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GCSAA Announces Environmental Awards
In recognition of their commitment to environmental stewardship, Little River (Calif.) Inn Golf and Tennis and its Class A superintendent Terry Stratton have been named the overall winner of the 2009 GCSAA/Golf Digest Environmental Leaders in Golf Awards (ELGA).
The national winners include (facility, location, chapter):
National Resort Overall: Terry Stratton, Little River (Calif.) Inn Golf Tennis, GCSA of Northern California
National Public: Jim Brown, CGCS, Newport Dunes Golf Club, Port Aransas, Texas, Gulf Coast GCSA
National Private: Roger Stewart, CGCS, TPC Twin Cities, Blaine, Minn., Minnesota GCSA
International: Brett Morris, Ph.D., Sea Temple Golf Club, Port Douglas, Queensland, Australia
The ELGA winners will be recognized at the 2010 GCSAA Education Conference during Celebrate GCSAA presented in partnership with Syngenta, February 9. Formerly the Opening Session and Welcoming Reception, Celebrate GCSAA is hosted by GCSAA President Mark D. Kuhns, CGCS. The conference (February 8-12) will be held in conjunction with the Golf Industry Show February 10-11 at the San Diego Convention Center. In addition, program sponsors will make donations to The Environmental Institute for Golf, the philanthropic organization of the GCSAA, in the names of all national and chapter winners.
"The 2009 ELGA winners do a tremendous job of highlighting the importance of environmental stewardship in golf, as well as the environmental leadership of GCSAA members," Kuhns said. "The winners, along with their facilities, have demonstrated that golf courses can be compatible with the environment, and in many cases enhance it."
Winners of the ELGA program will be featured by Golf Digest and in an upcoming issue of GCSAA's Golf Course Management magazine.
Judges selected winners in three national categories (public, private and resort courses), and an international winner, with an overall winner selected from those four. Recognition was given to the top entry from each GCSAA affiliated chapter, and merit honors were awarded to those who did not earn national or chapter honors but deserved special recognition in the opinion of the judges.
"Golf Digest has been an active participant in generating discussion regarding golf and its relationship with the environment," said managing editor Roger Schiffman. "We are pleased to share the story that golf is indeed achieving positive results."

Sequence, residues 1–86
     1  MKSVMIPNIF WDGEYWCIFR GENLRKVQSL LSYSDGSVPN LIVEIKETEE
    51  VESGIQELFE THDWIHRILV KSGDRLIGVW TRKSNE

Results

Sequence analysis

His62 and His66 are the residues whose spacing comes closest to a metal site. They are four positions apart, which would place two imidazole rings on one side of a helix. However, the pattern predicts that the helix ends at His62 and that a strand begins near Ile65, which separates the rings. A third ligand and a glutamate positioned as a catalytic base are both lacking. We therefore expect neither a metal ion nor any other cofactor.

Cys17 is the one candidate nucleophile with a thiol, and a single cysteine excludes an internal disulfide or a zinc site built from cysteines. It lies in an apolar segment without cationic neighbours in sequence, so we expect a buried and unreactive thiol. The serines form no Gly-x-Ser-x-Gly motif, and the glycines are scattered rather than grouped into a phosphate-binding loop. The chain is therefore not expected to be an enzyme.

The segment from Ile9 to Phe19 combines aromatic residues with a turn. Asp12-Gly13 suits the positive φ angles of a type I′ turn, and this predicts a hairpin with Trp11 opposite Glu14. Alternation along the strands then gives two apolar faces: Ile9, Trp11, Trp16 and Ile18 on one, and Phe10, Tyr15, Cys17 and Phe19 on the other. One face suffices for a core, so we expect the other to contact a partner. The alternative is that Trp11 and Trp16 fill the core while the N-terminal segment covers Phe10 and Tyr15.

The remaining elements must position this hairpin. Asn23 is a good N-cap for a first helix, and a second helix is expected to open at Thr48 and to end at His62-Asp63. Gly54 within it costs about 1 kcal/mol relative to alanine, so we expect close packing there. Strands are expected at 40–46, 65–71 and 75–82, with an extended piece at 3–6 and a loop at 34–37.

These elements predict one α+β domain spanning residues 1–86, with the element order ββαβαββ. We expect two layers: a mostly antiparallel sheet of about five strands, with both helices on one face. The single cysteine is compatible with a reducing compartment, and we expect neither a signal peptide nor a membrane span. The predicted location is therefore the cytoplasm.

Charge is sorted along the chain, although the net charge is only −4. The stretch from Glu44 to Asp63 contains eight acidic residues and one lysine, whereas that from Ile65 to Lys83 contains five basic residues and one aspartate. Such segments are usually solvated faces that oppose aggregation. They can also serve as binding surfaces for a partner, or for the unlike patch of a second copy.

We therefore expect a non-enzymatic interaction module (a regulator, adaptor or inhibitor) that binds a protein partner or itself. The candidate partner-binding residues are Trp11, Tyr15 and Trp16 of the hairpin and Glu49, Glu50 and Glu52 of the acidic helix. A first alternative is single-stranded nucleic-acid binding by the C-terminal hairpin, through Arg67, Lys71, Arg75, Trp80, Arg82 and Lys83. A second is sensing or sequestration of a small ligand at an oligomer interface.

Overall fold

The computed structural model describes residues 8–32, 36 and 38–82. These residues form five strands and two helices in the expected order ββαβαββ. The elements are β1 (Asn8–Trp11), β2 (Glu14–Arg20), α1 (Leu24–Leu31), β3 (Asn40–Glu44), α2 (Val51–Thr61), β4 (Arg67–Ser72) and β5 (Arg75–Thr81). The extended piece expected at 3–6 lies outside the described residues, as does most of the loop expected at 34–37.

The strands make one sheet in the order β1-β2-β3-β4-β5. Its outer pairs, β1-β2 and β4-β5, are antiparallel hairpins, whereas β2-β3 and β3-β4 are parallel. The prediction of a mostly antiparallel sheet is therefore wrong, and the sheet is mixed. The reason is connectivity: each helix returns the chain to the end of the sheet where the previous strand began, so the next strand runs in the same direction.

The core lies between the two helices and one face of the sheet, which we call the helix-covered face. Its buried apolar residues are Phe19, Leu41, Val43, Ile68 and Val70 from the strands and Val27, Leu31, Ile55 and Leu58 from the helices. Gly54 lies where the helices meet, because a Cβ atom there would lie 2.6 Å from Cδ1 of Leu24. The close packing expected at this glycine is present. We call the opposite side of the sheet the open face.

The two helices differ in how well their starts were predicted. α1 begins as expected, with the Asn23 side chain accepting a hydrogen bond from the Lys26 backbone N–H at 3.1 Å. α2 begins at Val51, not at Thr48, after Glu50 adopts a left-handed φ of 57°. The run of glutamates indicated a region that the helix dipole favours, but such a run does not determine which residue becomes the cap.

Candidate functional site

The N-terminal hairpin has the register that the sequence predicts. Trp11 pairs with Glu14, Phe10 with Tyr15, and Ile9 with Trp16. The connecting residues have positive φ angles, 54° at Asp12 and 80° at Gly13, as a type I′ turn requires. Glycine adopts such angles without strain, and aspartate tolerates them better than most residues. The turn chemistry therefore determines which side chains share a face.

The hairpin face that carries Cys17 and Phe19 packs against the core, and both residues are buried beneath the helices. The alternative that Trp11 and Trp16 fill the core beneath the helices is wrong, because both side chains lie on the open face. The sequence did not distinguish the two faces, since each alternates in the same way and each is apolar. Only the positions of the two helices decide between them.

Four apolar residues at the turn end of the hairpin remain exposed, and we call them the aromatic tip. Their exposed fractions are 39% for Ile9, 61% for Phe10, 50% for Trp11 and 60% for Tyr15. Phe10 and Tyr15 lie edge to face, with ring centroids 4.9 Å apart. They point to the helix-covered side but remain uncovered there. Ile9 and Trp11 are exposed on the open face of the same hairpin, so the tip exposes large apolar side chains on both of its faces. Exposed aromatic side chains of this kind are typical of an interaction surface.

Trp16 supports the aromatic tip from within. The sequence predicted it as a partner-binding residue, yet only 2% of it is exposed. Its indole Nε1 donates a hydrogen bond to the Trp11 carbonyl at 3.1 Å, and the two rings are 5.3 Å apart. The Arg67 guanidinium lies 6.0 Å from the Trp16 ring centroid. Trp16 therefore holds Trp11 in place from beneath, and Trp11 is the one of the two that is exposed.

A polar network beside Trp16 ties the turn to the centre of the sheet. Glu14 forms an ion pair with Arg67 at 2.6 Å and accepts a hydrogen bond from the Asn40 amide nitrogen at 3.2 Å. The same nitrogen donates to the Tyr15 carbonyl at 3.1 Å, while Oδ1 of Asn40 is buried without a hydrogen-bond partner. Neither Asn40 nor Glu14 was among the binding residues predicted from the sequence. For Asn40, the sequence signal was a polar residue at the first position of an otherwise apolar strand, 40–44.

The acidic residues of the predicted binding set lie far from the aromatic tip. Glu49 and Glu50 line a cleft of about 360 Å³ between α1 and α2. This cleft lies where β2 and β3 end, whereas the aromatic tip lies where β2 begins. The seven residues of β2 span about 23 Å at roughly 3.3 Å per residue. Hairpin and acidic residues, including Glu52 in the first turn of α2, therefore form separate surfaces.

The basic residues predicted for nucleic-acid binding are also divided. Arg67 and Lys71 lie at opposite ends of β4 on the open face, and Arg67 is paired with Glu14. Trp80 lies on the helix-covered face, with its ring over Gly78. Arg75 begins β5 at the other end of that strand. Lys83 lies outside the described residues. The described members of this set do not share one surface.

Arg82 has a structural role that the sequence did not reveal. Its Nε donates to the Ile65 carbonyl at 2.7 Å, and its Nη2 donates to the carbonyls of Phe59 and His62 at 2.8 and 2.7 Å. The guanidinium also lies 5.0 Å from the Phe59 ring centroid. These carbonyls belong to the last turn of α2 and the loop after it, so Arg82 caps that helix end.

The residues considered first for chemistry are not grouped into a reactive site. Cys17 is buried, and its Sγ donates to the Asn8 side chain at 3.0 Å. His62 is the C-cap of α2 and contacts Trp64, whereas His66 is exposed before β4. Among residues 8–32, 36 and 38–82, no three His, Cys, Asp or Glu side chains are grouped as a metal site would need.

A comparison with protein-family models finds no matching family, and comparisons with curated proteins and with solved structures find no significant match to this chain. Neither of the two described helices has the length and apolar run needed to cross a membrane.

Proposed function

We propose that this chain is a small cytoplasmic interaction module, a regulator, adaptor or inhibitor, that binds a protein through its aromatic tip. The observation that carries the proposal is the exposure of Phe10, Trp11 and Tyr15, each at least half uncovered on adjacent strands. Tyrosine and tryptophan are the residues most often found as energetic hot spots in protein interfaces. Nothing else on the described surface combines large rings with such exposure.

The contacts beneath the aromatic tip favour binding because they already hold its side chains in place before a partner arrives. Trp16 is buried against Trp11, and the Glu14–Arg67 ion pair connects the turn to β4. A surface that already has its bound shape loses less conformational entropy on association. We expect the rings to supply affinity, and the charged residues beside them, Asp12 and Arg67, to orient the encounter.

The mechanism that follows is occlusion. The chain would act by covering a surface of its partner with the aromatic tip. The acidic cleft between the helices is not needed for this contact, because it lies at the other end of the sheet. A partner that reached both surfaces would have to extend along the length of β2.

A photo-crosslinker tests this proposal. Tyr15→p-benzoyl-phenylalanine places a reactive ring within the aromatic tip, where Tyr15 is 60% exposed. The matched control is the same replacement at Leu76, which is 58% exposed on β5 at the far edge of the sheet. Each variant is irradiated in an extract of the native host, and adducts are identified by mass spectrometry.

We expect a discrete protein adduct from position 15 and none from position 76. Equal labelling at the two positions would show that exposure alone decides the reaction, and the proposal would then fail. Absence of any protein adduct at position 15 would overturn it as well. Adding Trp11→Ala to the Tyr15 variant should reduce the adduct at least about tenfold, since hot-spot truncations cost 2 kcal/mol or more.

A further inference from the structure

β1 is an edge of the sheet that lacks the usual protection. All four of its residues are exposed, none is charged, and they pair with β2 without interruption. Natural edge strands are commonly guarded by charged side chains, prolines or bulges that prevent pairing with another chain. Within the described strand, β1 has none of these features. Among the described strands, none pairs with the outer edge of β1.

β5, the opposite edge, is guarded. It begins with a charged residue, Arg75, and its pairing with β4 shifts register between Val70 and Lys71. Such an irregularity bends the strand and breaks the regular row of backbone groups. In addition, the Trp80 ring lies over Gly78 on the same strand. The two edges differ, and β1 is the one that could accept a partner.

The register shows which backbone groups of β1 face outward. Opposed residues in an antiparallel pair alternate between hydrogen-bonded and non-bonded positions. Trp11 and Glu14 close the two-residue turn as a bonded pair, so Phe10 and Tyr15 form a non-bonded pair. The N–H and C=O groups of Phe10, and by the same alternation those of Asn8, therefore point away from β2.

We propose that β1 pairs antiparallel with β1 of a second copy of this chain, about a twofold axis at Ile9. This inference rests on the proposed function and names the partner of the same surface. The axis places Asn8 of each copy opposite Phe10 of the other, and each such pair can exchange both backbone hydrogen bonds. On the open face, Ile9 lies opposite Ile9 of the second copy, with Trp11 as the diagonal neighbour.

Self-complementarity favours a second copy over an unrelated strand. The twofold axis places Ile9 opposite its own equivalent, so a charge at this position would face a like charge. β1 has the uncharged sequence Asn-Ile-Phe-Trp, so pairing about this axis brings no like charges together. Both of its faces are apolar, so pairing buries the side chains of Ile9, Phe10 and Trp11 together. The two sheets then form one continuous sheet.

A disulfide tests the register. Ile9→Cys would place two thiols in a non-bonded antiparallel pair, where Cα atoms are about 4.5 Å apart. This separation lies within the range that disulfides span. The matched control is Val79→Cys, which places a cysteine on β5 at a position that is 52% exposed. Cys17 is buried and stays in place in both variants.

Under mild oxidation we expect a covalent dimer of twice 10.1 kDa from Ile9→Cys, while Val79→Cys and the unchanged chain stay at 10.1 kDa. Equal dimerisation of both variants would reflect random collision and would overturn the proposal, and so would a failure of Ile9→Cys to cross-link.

In addition to using state-of-the-art irrigation systems with multiple sprinkler heads to deliver pinpoint accuracy and efficient use of water; extensive recycling programs; composting grass clippings, leaves and other herbaceous debris; installing bird houses; using energy-saving light bulbs; and stringent integrated pest management programs for the judicious use of golf course products; the ELGA winners went above and beyond in their environmental stewardship.
Stratton, a 27-year GCSAA member, is a GCSAA Class A superintendent at a nine-hole family-owned resort overlooking the Pacific Ocean. Little River Inn is located approximately 150 miles north of San Francisco. Stratton paid his way to the 2007 GCSAA Education Conference and Golf Industry Show in Anaheim, as did two members of his staff, with money made from collecting and recycling bottles and cans, and they will do the same for the 2010 event in San Diego. No ground water is used for irrigation at Little River Inn Golf and Tennis, as the golf course captures winter rains in reservoirs. Siphons and gravity move irrigation water between reservoirs, using no electricity. Little River Inn's property includes 60 acres of undeveloped redwood forest. Wildlife corridors link the golf course, the adjacent undeveloped property and neighboring Van Damme State Park.
Brown, a 19-year GCSAA member, is a GCSAA-certified golf course superintendent at Newport Dunes Golf Club, a public seaside links course on a barrier island adjacent to the Padre Island National Seashore. Newport Dunes was built with an underground piping system that captures water applied to the course and mechanically recirculates it back into an irrigation system storage tank, preventing potential pollutants from entering the Gulf of Mexico and Laguna Madre bay system. Of the 200 acres of golf course, 120 acres were converted to native vegetation, reestablishing endangered varieties like Southern Sea Oats and providing wildlife corridors. Newport Dunes is grassed with a salt-tolerant Paspalum variety everywhere except the Bermuda grass greens, and effluent water is used for irrigation.
Stewart, a 34-year GCSAA member, is a GCSAA-certified golf course superintendent at TPC Twin Cities, a private residential course in a Minneapolis suburb. On the 234-acre property, 100 acres are native grass and 27 bodies of water encompass 60 acres, including 14 acres of protected wetlands. TPC Twin Cities is host to the annual 3M Championship of the Champions Tour. Using rain sensors, soil moisture meters and evapotranspiration rates, Stewart was able to reduce the golf course's water usage by 28 percent between 2007 and 2008. Through aggressive aerification and verticutting to reduce thatch levels and improve water infiltration, he was able to maintain the same water usage levels in 2009, despite a continued drought that left the area's precipitation 8 inches below normal.